‘Using the genetic differences between strains as a measure for their kinship, Fischer’s team reconstructed the entire Mycoplasma mycoides family tree. From this tree, the team concludes that the founding father of all Mycoplasma mycoides lived 10,000 years ago—around the same time pastoralists domesticated cattle, goats and sheep in the Near East. . . .

The evolution of the Mycolasma bacteria cluster

The family tree of the Mycoplasma mycoides cluster, published in the 2012 paper by Fischer et al. Horizontal axis represents time, in years before present. The entire cluster is 10,000 years old, but the two most virulent strains (M caprcicolum subsp capripneumoniae and M mycoides subsp mycoides) are much younger.

‘While Mycoplasma mycoides as a family might be as ancient as livestock itself, the two most contagious and deadly strains are much younger. The common ancestors of the strains that cause contagious pneumonia in cows and goats lived between 91 and 414 and between 56 and 490 years ago, respectively. . . . [W]hat could have favoured the origin and survival of these hypervirulent bugs in recent centuries. Herding made Mycoplasma mycoides—but what turned it into a killer?’

Read the whole post by Lucas Brouwers on Scientific American‘s Thoughtomics Blog: Livestock bacteria are as old as the livestock they kill, 14 May  2012.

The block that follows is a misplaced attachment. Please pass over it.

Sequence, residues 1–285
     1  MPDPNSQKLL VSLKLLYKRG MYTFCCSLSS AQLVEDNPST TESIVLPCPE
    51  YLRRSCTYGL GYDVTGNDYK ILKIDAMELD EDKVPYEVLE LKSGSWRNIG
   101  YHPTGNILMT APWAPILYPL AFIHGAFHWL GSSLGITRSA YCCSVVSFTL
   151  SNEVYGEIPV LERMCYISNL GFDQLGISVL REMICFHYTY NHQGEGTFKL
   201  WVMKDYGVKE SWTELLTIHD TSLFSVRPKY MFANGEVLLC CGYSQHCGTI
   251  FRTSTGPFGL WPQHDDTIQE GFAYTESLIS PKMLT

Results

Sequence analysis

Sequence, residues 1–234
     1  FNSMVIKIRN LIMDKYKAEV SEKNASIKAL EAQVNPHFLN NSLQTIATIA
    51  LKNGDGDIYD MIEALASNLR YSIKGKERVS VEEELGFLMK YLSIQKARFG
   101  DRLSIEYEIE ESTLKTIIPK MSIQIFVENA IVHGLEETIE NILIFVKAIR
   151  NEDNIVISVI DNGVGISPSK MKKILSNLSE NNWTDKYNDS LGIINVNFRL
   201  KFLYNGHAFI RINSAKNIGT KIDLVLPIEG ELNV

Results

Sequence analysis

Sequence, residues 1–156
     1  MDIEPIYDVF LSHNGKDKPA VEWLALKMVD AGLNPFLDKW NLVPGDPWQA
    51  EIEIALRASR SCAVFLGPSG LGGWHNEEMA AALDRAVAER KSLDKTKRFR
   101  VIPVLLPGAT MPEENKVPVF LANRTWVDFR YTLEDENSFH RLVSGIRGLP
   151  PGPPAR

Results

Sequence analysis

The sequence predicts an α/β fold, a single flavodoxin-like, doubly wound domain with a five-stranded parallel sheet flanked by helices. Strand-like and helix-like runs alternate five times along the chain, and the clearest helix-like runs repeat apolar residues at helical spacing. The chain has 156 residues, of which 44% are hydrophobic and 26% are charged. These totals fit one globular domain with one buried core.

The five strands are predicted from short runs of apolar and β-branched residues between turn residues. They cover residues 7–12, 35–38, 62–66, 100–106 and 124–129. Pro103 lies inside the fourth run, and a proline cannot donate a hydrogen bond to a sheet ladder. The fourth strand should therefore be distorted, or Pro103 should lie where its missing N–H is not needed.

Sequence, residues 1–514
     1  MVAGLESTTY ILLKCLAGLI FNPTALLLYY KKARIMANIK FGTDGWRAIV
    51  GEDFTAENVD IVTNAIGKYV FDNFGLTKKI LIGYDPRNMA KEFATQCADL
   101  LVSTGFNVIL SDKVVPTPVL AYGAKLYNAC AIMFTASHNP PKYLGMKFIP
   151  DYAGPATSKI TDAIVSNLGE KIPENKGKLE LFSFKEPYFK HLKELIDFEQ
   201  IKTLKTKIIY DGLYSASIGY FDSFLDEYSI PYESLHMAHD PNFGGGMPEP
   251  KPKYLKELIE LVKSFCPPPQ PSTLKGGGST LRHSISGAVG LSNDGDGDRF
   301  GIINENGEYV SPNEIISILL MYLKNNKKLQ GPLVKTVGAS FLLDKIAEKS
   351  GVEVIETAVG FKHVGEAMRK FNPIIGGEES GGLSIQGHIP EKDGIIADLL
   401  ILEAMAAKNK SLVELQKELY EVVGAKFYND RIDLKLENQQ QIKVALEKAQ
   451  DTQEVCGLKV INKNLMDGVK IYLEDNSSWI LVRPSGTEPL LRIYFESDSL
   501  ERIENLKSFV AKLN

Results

Read the science paper: The origin of the Mycoplasma mycoides cluster coincides with domestication of ruminants, by Anne Fischer (ICIPE and ILRI), Beth Shapiro (Pennsylvania State University), Cecilia Muriuki (ILRI), Martin Heller (Friedrich-Loeffler-Institute), Christiane Schnee (Friedrich-Loeffler-Institute), Erik Bongcam-Rudloff (Swedish University of Agricultural Sciences), Joachim Frey (University of Berne) and Joerg Jores (ILRI), 2012, PLoS ONE 7(4): e36150.

One thought on “Lethal family tree: ILRI research shows livestock bacterium is as old as the livestock it kills

  1. See previous related article on the partnership between genome mapper Craig Venter and ILRI and others to find bacterium candidates with which to build a ‘live’ vaccine that will protect cattle against CBPP:

    ‘Venter, ILRI, INRA develop new vaccine for African cattle disease CBPP

    ‘Scientists at the J. Craig Venter Institute (JCVI), the International Livestock Research Institute (ILRI), and the National Institute for Agronomical Research (INRA) will join forces to use new synthetic biology technologies to create strains of Mycoplasma mycoides subspecies mycoides that can be developed as live vaccine candidates for the prevention of contagious bovine pleuropneumonia, an economically very important livestock disease within Africa. . . .’

    https://ilriclippings.wordpress.com/2012/02/13/us-national-science-foundations-bread-funds-craig-venter-and-ilri-to-battle-cattle-pneumonia-in-africa/

Leave a Reply

Fill in your details below or click an icon to log in:

WordPress.com Logo

You are commenting using your WordPress.com account. Log Out / Change )

Twitter picture

You are commenting using your Twitter account. Log Out / Change )

Facebook photo

You are commenting using your Facebook account. Log Out / Change )

Google+ photo

You are commenting using your Google+ account. Log Out / Change )

Connecting to %s